CHARLOTTE, N.C. — Three local same-sex couples are scheduled to walk into the Mecklenburg County Register of Deeds on Wednesday and ask that their relationships be as equally and as legally recognized as their straight peers.

The protest event is organized by the Asheville-based Campaign for Southern Equality. The group has held direct actions and sit-ins across the South. This fall, they are focusing on their home state and have made several stops already in Madison County, Greensboro, Hendersonville and Winston-Salem.

The organization is seeking a county official who will defy the state’s anti-LGBT marriage ban based on conscience. They’ve yet to find one, though in September Guilford Country Register of Deeds Jeff Thigpen participated in a prayer of reconciliation with the group and spoke publicly about his personal support for marriage equality.

qnotes will cover the event live on Twitter and Facebook.

Scott Bishop and Ron Sperry


Scott and Ron have been committed for 16-and-a-half years. On Wednesday, they’ll ask the register of deeds for a marriage license.

“My partner Ron and I have been residents of Mecklenburg County for over 18 years and we consider Charlotte our home,” Scott writes in an open letter on the Campaign for Southern Equality’s blog. “We met here not long after we both moved here independently and have been in a committed relationship for over 16 of those 18 years. I am writing to you today to request that you grant us a marriage license to have our relationship recognized by the state of North Carolina.”

The Rev. Ann Marie Alderman and The Rev. Robin Tanner


Ann Marie and Robin held a religious commitment ceremony here in Charlotte this May. They, too, will ask for a marriage license and seek to have their relationship recognized as a legal marriage in North Carolina.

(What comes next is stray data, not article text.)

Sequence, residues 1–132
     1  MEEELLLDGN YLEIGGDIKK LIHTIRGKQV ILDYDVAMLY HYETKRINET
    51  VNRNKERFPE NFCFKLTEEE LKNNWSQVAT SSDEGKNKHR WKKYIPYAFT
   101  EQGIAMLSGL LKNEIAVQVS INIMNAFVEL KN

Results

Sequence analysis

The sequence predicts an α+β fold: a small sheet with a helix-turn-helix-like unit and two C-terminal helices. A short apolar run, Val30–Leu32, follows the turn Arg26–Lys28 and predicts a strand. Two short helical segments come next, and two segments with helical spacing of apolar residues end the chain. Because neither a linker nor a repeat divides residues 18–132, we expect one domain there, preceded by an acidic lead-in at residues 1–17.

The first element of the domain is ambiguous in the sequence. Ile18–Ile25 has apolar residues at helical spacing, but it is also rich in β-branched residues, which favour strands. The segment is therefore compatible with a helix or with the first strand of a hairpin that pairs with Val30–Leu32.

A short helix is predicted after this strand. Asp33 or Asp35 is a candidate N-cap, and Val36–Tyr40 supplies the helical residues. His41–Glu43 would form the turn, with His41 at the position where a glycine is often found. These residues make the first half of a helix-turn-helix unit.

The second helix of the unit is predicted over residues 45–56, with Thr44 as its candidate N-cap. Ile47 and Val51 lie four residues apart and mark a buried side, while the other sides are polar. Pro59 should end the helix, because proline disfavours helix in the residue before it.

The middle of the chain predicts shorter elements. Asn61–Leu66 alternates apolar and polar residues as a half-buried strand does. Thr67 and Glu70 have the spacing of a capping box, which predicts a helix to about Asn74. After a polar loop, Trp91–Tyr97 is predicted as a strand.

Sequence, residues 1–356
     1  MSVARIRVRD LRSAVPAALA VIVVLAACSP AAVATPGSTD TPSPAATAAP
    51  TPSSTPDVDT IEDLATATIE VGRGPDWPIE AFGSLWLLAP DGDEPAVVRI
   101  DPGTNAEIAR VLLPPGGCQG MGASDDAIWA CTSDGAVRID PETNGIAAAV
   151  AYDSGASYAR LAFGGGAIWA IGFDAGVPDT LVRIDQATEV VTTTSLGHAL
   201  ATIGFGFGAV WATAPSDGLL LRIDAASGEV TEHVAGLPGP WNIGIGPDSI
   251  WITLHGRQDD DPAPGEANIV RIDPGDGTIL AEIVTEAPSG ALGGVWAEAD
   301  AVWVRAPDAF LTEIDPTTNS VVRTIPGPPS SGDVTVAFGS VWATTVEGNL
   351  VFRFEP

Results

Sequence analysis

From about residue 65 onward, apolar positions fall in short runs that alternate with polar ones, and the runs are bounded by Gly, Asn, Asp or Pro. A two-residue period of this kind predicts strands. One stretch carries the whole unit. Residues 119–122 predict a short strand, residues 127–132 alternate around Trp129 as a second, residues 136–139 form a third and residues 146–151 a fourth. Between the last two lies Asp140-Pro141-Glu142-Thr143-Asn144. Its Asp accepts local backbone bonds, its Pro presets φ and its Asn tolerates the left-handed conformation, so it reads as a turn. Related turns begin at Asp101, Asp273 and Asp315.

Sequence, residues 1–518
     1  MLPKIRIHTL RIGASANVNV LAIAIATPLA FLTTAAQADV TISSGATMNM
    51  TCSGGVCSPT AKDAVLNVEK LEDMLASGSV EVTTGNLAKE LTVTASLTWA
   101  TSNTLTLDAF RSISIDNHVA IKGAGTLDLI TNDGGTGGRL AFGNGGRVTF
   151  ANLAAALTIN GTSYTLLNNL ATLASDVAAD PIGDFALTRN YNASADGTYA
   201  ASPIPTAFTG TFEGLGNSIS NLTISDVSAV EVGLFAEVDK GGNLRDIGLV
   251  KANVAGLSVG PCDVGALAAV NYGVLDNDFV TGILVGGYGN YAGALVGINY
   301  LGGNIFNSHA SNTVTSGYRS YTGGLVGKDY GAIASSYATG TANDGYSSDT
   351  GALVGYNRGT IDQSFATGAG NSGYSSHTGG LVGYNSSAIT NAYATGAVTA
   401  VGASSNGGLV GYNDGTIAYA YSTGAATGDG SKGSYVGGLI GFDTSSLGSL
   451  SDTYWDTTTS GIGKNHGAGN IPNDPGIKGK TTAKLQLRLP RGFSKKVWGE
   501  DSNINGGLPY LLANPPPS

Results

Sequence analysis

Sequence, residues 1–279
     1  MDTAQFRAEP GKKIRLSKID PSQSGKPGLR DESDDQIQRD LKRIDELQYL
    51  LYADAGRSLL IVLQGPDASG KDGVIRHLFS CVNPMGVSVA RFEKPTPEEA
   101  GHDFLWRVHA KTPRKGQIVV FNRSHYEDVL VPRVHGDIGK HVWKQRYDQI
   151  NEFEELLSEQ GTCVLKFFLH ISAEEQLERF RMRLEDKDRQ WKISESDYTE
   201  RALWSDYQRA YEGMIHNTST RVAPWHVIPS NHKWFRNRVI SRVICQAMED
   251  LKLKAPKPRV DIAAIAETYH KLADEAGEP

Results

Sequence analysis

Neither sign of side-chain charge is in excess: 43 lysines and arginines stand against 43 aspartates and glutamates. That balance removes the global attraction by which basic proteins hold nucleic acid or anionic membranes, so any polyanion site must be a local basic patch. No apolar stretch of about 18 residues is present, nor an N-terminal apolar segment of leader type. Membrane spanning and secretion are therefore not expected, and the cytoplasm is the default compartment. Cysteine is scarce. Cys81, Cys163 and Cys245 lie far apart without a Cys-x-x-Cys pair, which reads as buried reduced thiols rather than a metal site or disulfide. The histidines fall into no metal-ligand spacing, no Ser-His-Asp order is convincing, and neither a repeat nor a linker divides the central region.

Scott Lindsley and Joey Hewell


Scott and Joey have been committed for over 10 years. Like Scott and Ron, they’ll ask that their relationship be treated no differently from their straight friends’ relationships.

BONUS: 2004 Marriage Protest

On May 5, 2004, former Metropolitan Community Church of Charlotte Pastor Mick Hinson and partner Gene were among those speaking out against the newly proposed anti-LGBT state constitutional amendment banning same-sex marriage. They attempted to file for a marriage license in Mecklenburg County and were denied. “There is not justice in the world regarding [same-sex] relationships — period,” Hinson said at the time. The amendment, originally sponsored by Gaston County state Sen. Jim Forrester and pushed by him each legislation session since 2004, was passed by voters in May 2012. (File photo)

[Ed. Note — An original version of this article incorrectly stated that the Rev. Ann Marie Alderman and the Rev. Robin Tanner had been married in 2011. We have updated the story with more correct information. We regret the error. (Oct. 8, 2013, 8:07 p.m.)]

Matt Comer

Matt Comer previously served as editor from October 2007 through August 2015 and as a staff writer afterward in 2016.